The death and disease caused by cigarettes is nothing to celebrate. But that’s not stopping R.J. Reynolds from celebrating the 100th birthday of its Camel cigarettes this year. Their Camel web site touts “A Century of Camel” and urges visitors to “Celebrate the original that sparked a tradition.”
Indonesia has been called the tobacco industry’s playground due to the country’s large number of smokers and unrestricted tobacco marketing.
In the latest example, Indonesian tobacco giant PT Djarum has placed billboards promoting its L.A. Lights cigarettes with the shameful slogan “DON’T QUIT.” If discouraging smokers from quitting isn’t bad enough, the ad appears to mock efforts to reduce smoking by instead encouraging smokers to “DO IT” and using the slogan “Let’s Do It!”
WASHINGTON, DC – A Vermont Superior Court judge this week ordered the R.J. Reynolds Tobacco Company to pay $8.3 million for deceptive marketing of its Eclipse cigarettes that violated both Vermont’s consumer protection laws and the 1998 state tobacco settlement, which prohibited tobacco companies from misrepresenting the health consequences of using a tobacco product.
Tobacco control advocates around the world today are marking World No Tobacco Day, organized by the World Health Organization to focus attention on the devastating global toll of tobacco use and the need for nations to take strong action to save lives.
WASHINGTON, DC – Five leading public health organizations are calling on state attorneys general to investigate whether R.J. Reynolds’ new magazine advertising campaign for Camel cigarettes violates the state tobacco settlement’s prohibition on targeting youth.
WASHINGTON, DC – It is troubling news for our nation’s health that marketing expenditures for cigarettes and smokeless tobacco increased by nearly four percent to $8.82 billion in 2011, representing the first increase in overall tobacco marketing since 2003.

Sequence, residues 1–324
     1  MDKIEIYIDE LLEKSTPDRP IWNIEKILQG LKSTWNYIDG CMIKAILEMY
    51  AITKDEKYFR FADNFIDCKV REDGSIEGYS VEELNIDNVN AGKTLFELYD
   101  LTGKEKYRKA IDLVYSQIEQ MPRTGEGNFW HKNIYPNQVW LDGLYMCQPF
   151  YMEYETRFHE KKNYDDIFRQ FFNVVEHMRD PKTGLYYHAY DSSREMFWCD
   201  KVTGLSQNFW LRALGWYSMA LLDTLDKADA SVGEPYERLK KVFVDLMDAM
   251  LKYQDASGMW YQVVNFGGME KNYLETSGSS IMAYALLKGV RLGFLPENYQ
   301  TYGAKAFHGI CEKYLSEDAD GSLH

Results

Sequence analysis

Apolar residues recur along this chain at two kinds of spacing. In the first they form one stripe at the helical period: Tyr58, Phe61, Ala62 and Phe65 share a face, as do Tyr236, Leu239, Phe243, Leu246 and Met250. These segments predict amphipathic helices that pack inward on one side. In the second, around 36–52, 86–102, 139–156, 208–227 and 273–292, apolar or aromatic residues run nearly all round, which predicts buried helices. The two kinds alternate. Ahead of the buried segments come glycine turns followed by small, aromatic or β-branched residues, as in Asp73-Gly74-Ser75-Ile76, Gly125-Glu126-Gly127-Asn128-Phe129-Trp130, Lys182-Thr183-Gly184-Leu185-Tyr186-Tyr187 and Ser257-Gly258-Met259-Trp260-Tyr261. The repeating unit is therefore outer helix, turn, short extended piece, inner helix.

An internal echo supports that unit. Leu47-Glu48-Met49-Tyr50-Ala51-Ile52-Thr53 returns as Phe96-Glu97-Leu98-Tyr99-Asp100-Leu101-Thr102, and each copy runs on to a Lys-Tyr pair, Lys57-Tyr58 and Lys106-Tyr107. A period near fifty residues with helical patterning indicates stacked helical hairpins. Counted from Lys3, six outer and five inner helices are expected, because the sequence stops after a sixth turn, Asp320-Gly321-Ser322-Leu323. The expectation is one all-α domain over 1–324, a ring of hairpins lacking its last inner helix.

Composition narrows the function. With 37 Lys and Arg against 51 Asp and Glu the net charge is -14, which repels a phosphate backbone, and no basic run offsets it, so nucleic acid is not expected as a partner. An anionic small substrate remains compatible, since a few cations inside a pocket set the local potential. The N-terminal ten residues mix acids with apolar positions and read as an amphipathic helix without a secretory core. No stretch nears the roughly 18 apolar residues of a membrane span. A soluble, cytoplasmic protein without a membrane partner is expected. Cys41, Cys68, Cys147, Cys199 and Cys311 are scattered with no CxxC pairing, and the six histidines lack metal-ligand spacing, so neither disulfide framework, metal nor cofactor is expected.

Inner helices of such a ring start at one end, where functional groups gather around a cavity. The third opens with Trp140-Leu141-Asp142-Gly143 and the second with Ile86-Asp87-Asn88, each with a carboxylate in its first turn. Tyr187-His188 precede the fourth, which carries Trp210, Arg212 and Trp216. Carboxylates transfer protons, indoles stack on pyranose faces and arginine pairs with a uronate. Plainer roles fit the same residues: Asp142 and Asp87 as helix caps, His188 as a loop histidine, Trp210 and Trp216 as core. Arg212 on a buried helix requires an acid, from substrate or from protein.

At last week’s annual meeting of Philip Morris International shareholders in New York City, CEO Louis Camilleri answered a question from a youth tobacco control advocate by denying that the company markets to kids, saying “That’s just not true. It’s a fable.”
WASHINGTON, DC – In a victory for the nation's health, the U.S. Supreme Court today let stand an appellate court ruling that upheld most provisions of the landmark 2009 law granting the Food and Drug Administration authority over tobacco products, including the requirement for large, graphic cigarette warning labels.
Thanks to strong government action to reduce tobacco use, the tobacco industry's outlook in Latin America is dimming according to new analysis by Euromonitor International, a strategy research group for consumer products.
The analysis cites the example of Chile, which recently became the 14th Latin American country to go smoke-free. In February, Chile implemented a comprehensive tobacco control law that makes restaurants, bars and other public places smoke-free; restricts tobacco advertising, promotion and sponsorship; and prohibits the use of additives, including menthol, in tobacco products.
WASHINGTON, DC – President Obama has proposed a 94-cent increase in the federal cigarette tax, and increased taxes on other tobacco products, to protect our children from tobacco addiction and save lives. Predictably, tobacco companies and their allies are attacking the proposal, claiming that tobacco taxes aren't a reliable revenue source and unfairly burden poor people.
When young fans attended the Java Jazz music festival in Jakarta, Indonesia, earlier this month, they had to walk through concert grounds plastered with advertising for Djarum Super Mild, the cigarette brand that sponsored the concert.
When performers such as Joss Stone took the stage, they performed under a cigarette logo.
And for weeks before the concert, Djarum promoted its deadly products using the images of music stars, in the process telling kids that smoking is fun and glamorous.
WASHINGTON, D.C. – Thousands of kids across America are taking a stand against tobacco today as part of the 18th annual Kick Butts Day. More than 1,200 events are planned nationwide.